Setting Up an Athlete Input Council

by Special Olympics Papua New Guinea

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  • Special Olympics Papua New Guinea set up their first Athlete Input Council. The council places athletes in a meaningful leadership role where they can have their say on how programmes are planned and implemented.
  • Athletes on the council meet officially twice a year to discuss their Special Olympics experience: what they have learned, how to improve and solutions to make their experience better. They also meet informally before competitions and events to discuss and plan how they will be involved.
  • Special Olympics Papua New Guinea also employs selected athletes casually to support them in the office and to support various events and activities. They are rotated around different activities, taking turns to engage with participants of the programmes.



  • Since 2017, Special Olympics Papua New Guinea had been asking athletes, parents and siblings to provide feedback on how programmes should be run and what the role of athletes should be. The most recurring comment was for athletes to have a true voice and actively participate. So, Special Olympics Papua New Guinea decided to set up an Athlete Input Council.
  • Athletes on the council have to first be trained in Special Olympics’ Leadership and Skills curriculum. 2 modules from the curriculum, ‘Introduction to Athlete Leadership’ and ‘Understanding Leadership, were delivered by Special Olympics Papua New Guinea staff to a batch of athlete leaders.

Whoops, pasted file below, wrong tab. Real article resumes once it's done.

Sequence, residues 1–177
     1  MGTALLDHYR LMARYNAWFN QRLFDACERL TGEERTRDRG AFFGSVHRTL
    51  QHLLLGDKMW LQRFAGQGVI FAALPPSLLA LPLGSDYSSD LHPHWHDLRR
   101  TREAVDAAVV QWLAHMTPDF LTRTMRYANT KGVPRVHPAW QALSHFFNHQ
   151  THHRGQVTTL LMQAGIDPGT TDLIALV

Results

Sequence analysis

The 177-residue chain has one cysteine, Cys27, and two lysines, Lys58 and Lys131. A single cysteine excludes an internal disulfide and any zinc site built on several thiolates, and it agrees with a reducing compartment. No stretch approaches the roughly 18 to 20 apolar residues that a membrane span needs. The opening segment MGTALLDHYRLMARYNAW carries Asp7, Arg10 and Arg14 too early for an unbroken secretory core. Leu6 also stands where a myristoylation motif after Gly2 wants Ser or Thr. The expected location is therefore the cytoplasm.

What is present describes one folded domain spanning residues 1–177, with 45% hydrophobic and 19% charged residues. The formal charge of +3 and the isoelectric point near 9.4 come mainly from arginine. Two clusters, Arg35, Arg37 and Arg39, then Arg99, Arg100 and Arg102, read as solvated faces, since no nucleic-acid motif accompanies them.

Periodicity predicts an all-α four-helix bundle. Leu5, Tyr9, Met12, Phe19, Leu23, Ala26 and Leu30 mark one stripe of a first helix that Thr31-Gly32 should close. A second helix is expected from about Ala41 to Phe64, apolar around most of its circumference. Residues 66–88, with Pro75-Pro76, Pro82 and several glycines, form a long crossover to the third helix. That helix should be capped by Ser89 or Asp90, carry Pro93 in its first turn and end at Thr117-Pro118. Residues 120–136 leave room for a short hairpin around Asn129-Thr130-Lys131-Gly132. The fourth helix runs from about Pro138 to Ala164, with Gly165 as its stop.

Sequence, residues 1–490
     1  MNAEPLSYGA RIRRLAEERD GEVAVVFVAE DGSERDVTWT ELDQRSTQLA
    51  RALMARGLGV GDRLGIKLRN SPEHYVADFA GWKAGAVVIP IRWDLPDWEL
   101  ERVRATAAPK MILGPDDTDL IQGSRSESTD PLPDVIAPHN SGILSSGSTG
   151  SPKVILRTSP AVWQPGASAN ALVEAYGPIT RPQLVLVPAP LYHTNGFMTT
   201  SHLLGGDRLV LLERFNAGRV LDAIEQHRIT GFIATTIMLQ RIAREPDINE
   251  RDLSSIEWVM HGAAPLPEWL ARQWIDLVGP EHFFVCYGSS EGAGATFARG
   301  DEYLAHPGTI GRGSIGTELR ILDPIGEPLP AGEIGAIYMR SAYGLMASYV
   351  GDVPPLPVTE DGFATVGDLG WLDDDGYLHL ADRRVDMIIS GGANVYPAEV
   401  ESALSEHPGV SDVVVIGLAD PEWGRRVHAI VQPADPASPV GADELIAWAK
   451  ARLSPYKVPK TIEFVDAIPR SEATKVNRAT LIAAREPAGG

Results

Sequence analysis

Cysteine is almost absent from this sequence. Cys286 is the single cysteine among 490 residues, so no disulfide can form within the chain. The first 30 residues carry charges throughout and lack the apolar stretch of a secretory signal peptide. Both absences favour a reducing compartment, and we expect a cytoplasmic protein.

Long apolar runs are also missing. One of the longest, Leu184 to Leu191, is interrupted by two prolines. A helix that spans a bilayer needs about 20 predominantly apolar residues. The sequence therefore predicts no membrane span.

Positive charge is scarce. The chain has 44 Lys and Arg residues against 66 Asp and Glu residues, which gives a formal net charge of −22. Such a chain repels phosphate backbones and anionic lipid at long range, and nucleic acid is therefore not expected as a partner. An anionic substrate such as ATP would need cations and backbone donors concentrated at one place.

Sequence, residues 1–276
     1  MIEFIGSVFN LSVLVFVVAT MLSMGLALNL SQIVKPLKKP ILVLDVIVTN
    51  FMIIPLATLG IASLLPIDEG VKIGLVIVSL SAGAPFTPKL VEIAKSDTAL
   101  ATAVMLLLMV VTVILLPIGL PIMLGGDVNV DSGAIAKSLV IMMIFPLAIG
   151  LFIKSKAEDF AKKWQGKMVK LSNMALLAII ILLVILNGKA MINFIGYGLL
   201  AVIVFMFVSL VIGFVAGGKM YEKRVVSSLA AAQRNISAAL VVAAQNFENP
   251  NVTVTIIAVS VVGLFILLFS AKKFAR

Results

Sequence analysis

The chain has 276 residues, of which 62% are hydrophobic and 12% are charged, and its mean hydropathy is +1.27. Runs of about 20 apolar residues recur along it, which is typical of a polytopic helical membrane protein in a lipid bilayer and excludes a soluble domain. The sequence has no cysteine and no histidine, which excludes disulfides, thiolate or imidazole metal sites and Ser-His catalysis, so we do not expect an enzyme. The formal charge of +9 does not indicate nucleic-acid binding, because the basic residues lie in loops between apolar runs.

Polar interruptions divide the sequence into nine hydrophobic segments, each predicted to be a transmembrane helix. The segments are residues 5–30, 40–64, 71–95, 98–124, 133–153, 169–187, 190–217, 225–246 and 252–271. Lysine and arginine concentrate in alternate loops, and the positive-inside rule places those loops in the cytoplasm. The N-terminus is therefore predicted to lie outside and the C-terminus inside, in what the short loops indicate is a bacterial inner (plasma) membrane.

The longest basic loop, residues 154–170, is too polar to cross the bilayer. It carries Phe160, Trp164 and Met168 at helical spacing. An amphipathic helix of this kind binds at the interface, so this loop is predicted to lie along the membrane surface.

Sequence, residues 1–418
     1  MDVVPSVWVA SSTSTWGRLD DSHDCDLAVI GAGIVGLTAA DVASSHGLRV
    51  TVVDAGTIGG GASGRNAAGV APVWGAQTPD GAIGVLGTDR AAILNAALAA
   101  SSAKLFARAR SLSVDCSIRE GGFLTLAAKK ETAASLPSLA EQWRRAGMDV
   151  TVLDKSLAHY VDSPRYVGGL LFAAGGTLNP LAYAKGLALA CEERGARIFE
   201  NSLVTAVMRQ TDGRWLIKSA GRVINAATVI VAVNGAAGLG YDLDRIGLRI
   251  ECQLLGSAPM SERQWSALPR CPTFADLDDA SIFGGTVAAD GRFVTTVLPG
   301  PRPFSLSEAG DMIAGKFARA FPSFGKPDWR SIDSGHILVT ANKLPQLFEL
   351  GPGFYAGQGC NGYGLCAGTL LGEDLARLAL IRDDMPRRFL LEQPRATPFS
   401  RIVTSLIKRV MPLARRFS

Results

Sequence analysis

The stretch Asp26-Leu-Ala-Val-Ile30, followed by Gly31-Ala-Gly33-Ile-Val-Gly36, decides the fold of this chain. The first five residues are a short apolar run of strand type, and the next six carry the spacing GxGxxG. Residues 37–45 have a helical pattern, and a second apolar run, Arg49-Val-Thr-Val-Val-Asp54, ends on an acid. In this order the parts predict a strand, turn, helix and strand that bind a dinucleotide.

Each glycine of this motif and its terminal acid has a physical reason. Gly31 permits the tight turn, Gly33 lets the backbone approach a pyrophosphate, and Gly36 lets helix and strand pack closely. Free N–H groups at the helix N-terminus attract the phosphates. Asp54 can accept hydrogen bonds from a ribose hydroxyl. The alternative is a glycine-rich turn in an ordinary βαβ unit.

• With close to 80 athletes now trained, staff discussed their criteria for recruiting athletes into the council and invited them to attend the first council meeting. Of 20 athletes that attended, 10 were selected to attend a 3-day training and confirmed to be on the athlete input council.


  • “Since joining Special Olympics, my son has learned so much. He is now training to be an assistant coach in Netball, who would have thought back then that was possible for Siosi? Being a member of the Athlete Input Council and being engaged in the different sports has really improved his life, he is now also teaching his younger siblings what he learned during his leadership training. I am so proud of my son.” – Keruma Naime, mother of Siosi Sebastian, Special Olympics Papua New Guinea athlete leader and member of the Athlete Input Council
  • “I am so proud that our athletes with intellectual disability have set up this council which will allow them to express themselves. We can now hear how they are treated by coaches, teachers and managers and even parents and we can do something about it.” – Ben Theodore, Special Olympics Papua New Guinea Vice President and Interim Chairman of the Athlete Input Council
  • “I feel free to share my experience with other athlete leaders in the group and to be myself.” – Thomas George, Special Olympics Papua New Guinea athlete leader

What we learnt:

  • “We still have a lot of work to do with our athlete leaders, but so far I am happy. We have started small but we are making a difference.” – Margaret Nukinja, Special Olympics Papua New Guinea’s Team leader for Athlete Leadership
  • “Our athlete leaders will now have the loudest voice in the program and they will determine SO Papua New Guinea’s direction in the future.” – Sophia Tuna, Special Olympics Papua New Guinea National Director


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